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  #721  
Old 06-17-2011, 09:30 PM
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Originally Posted by Iluvbertie View Post
The fact that there are many in Britain and elsewhere, including people here, who regularly call for the succession rules to be put aside shows just how damaging her legacy is - to promote the popularity of the moment or even the individual over the institution itself is damaging to the institution and she put that on the agenda.

The very fact that people here and elsewhere want William to take his father's place shows how much she damaged the perception of the family relationship as well. William has two parents but most people seem to forget that - I even read comments in the lead up to the wedding asking why Charles should be having anything to do with it? That is also a large part of Diana's legacy - she set out to destroy her husband and even from the grave her supporters are still trying to bring about her desire - too bad if that desire might hurt and upset the sons she had with Charles.
The same could be said for some of Charles supporters who set out to destroy Diana as well. The key word I used is some instead of grouping all of the supporters and accusing them of something some of them haven't done.
As to whether she damaged the family relationship she wasn't alone in that Charles also helped.
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  #722  
Old 06-17-2011, 09:51 PM
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Diana's legacy is easily expressed: The future King William V (God willing) and his brother, Prince Harry. Their way of conducting themselves, their informality, their sense of how the "common person" lives in the UK and Commonwealth and yes, their charisma along with a good ability to handle the media all speak to Diana's success as a mother.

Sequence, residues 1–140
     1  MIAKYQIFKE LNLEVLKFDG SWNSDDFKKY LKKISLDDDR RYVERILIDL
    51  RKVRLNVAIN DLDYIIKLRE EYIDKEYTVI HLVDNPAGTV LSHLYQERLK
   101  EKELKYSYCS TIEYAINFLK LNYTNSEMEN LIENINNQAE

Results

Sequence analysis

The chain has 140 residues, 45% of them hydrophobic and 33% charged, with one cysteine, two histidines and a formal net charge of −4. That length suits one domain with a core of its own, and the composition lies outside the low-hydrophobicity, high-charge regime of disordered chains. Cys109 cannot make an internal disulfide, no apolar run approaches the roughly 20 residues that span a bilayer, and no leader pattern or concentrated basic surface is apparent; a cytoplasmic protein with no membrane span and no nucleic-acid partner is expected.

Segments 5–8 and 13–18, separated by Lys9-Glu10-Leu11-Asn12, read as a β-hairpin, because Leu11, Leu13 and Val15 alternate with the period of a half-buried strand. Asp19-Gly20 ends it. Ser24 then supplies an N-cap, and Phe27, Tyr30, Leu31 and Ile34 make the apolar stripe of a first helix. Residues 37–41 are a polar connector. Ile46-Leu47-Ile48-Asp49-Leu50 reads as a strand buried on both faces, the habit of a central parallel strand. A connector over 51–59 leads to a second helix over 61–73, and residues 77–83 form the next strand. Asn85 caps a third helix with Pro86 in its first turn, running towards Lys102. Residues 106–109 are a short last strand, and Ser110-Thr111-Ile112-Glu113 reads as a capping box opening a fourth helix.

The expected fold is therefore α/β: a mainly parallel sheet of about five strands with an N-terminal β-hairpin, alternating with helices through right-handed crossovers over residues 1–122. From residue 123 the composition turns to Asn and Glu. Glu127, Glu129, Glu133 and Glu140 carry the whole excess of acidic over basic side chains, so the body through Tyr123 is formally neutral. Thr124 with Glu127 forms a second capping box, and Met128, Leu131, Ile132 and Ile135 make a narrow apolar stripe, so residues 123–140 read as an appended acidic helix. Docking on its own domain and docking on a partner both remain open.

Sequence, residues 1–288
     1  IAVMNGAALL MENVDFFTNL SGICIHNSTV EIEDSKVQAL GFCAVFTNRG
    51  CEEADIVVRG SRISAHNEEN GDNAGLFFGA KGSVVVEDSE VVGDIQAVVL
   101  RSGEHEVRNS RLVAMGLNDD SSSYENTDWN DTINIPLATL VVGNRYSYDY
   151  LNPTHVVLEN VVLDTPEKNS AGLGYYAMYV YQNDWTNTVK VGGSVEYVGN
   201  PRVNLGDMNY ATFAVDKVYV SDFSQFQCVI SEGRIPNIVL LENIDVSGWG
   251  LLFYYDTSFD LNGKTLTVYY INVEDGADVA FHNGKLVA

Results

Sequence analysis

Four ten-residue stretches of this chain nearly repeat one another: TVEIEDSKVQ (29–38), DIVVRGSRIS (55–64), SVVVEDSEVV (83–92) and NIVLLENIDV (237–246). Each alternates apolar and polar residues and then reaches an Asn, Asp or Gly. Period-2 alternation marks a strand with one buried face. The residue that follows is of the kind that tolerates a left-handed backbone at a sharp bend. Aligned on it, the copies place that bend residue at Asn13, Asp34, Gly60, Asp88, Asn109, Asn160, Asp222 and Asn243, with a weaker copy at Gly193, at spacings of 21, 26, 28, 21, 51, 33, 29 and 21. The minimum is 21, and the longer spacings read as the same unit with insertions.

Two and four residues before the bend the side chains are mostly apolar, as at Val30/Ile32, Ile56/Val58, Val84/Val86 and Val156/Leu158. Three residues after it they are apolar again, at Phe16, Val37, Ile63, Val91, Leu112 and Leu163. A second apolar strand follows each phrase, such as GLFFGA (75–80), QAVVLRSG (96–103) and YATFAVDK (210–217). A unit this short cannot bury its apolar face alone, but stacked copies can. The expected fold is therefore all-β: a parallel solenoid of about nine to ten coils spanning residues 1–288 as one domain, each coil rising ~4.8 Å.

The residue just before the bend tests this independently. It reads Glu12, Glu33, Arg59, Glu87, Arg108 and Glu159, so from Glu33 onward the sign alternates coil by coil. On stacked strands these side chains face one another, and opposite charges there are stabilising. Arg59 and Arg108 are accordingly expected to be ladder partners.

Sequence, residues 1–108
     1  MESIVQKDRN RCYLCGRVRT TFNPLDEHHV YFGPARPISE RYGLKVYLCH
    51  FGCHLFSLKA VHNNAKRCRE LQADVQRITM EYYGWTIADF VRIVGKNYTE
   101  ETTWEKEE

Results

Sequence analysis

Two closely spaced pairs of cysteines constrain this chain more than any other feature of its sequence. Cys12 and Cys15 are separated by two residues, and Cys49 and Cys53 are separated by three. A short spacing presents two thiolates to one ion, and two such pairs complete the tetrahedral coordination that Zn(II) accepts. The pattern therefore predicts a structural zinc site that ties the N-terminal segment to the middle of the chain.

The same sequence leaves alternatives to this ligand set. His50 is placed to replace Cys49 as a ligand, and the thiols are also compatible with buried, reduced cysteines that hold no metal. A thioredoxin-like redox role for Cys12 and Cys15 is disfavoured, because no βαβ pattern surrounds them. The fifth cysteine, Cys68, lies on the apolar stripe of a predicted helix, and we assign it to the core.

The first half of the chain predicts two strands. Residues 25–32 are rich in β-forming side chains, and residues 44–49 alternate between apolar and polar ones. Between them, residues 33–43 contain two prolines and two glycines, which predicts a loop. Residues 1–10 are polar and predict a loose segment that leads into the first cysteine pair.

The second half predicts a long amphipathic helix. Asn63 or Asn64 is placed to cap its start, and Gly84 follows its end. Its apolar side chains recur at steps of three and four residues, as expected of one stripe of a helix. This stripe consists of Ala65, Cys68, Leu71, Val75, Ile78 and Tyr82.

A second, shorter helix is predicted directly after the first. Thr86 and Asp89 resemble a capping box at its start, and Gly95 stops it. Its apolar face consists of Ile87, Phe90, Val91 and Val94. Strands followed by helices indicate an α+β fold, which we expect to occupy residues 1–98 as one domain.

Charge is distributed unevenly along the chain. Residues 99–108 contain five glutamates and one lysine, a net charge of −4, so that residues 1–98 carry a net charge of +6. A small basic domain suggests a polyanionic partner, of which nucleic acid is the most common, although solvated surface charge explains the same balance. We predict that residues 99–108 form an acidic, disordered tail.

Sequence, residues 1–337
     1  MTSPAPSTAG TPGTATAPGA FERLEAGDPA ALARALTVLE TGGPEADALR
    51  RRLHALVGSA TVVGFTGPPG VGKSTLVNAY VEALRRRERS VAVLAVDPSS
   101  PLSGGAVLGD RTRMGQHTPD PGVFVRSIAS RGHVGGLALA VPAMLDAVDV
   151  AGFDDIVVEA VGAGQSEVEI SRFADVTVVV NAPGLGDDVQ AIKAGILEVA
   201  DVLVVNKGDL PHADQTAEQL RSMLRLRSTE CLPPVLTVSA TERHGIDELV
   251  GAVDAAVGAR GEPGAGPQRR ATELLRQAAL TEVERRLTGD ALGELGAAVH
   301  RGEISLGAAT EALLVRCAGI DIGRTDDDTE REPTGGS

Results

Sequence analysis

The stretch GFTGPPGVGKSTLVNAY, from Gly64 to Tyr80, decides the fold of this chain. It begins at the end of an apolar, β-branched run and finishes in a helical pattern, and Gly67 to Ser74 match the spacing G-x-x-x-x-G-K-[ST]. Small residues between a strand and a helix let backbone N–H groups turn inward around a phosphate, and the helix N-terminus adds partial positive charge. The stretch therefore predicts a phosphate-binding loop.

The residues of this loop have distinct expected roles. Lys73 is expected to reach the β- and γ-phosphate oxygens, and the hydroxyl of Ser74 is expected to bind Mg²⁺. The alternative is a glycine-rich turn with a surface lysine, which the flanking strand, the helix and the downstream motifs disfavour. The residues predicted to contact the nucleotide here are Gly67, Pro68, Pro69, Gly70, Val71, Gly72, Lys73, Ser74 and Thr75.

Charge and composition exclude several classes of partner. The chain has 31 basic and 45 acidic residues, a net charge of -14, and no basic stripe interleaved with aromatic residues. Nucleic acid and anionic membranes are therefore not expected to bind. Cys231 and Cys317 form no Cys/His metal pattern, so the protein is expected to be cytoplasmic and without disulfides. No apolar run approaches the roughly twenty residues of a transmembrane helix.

In addition, I believe the Princess herself would have seen them as her legacy; their upbringing was her number one priority in life and her love for them was absolute and unconditional. In turn, they never let her down, either, and satisfied her need to receive unconditional love to the extent it is possible for children so to do.
She put an enormous amount of thought into the manner in which they were raised, even trying to make sure each cultivated enough "outside" friends early on enough in life so that questions of sycophancy never enters these relationships. She really thought their futures out in minute detail and I believe the results are obvious for all to see.
Now before anyone jumps on me, of course I recognise the role the Prince of Wales played as well, but that is not the question addressed by this thread. (Although the amount of vitriol served up to Diana by a few posters makes me wonder if former members of Prince Charles' household, particularly those who served during the "War of the Waleses", are posting here, lol.)
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  #723  
Old 06-17-2011, 10:27 PM
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Diana, Princess of Wales' legacy only proves that fairy-tales of profound happiness and a perfect life, do not exist in the real world. Like most, she found that out the hard way. I only have praise for the late Princess of Wales.
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  #724  
Old 06-18-2011, 12:12 AM
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Originally Posted by Iluvbertie View Post